Beyond test taking, schools must emphasize real-world learning, which teaches students how to think critically. Teachers mentor and guide, while asking questions at a high analytical level, helping students persevere through hard problems and figure things out by themselves, moving beyond rote learning. While we need our children to learn multiplication, at the end of the day, in the age of technology, it’s not about drilling tables, but the “why” that really gets them to think and innovate.
Based on historic college admissions data, and our 2019 PSAT (Pre-Scholastic Aptitude Test) career inventories, we find that about 50% of our students express a strong interest in studying business and management. Knowing this, our curriculum incorporates opportunities to develop problem-solving and a range of soft skills for future success as entrepreneurs and business leaders.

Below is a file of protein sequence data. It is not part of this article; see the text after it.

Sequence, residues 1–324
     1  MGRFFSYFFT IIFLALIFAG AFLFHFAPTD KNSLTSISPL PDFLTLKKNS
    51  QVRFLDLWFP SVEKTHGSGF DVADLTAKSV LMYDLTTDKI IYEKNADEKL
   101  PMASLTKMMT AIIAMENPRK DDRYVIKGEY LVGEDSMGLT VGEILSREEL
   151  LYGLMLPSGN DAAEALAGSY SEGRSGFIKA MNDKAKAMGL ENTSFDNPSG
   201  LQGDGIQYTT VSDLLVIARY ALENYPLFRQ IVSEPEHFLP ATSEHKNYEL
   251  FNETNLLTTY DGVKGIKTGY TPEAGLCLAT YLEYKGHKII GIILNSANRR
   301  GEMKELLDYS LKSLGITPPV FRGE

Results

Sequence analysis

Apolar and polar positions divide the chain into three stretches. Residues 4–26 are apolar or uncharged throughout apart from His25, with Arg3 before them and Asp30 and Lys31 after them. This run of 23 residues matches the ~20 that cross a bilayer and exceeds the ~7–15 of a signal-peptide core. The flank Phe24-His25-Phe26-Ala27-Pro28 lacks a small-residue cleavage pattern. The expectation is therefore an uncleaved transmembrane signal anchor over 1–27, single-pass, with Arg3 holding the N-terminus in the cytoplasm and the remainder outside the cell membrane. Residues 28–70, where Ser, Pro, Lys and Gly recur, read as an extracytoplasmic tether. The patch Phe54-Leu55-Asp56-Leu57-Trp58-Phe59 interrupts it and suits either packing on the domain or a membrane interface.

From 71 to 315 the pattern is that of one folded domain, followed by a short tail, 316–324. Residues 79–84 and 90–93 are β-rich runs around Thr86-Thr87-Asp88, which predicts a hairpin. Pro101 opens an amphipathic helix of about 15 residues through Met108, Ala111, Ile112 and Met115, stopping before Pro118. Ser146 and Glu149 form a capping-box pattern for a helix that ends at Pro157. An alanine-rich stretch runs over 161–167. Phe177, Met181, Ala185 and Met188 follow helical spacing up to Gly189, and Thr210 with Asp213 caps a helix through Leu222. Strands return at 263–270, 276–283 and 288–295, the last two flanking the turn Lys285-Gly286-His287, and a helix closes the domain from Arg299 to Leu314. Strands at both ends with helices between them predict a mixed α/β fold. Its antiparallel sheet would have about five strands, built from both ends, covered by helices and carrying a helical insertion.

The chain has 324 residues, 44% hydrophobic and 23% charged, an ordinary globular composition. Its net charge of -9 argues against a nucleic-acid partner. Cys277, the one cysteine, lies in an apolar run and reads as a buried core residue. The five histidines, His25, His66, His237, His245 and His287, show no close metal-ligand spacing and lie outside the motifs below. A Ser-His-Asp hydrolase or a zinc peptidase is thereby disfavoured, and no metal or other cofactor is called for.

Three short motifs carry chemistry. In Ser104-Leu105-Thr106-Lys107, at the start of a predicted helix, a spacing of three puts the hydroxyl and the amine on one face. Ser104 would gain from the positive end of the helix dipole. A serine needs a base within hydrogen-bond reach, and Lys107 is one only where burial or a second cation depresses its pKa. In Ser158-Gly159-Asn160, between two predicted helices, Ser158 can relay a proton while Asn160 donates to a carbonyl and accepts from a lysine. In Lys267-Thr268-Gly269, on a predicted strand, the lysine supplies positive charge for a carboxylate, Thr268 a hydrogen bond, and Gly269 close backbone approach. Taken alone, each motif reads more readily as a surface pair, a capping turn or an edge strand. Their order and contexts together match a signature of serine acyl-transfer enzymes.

STEAM learning is one such approach that unleashes the creative juices of a students’ mind. With a STEAM approach, project-based learning and cross curricular links- students learn to pull information and data together across different streams to find solutions to problems they have identified. Students are given a challenge, and they have to come up with an ingenious solution. Not only are they solving the problem, they are pulling from different subject areas (Science, Technology, Engineering, Arts and Mathematics), bringing together a range of topics to find relevant solutions to real world problems.
For instance, our Grade 4 class is learning about the concept of “a circular economy.” Under their teachers’ guidance, students took a trip around the school to note what technology tools they feel should be included at school for students. Students research procurement and fundraising ideas, which they pitch to the school’s business office. Linking to their Science project, students are already planning a farmer’s market, selling crops grown in their hydroponic towers, which are more efficient than traditional farming methods.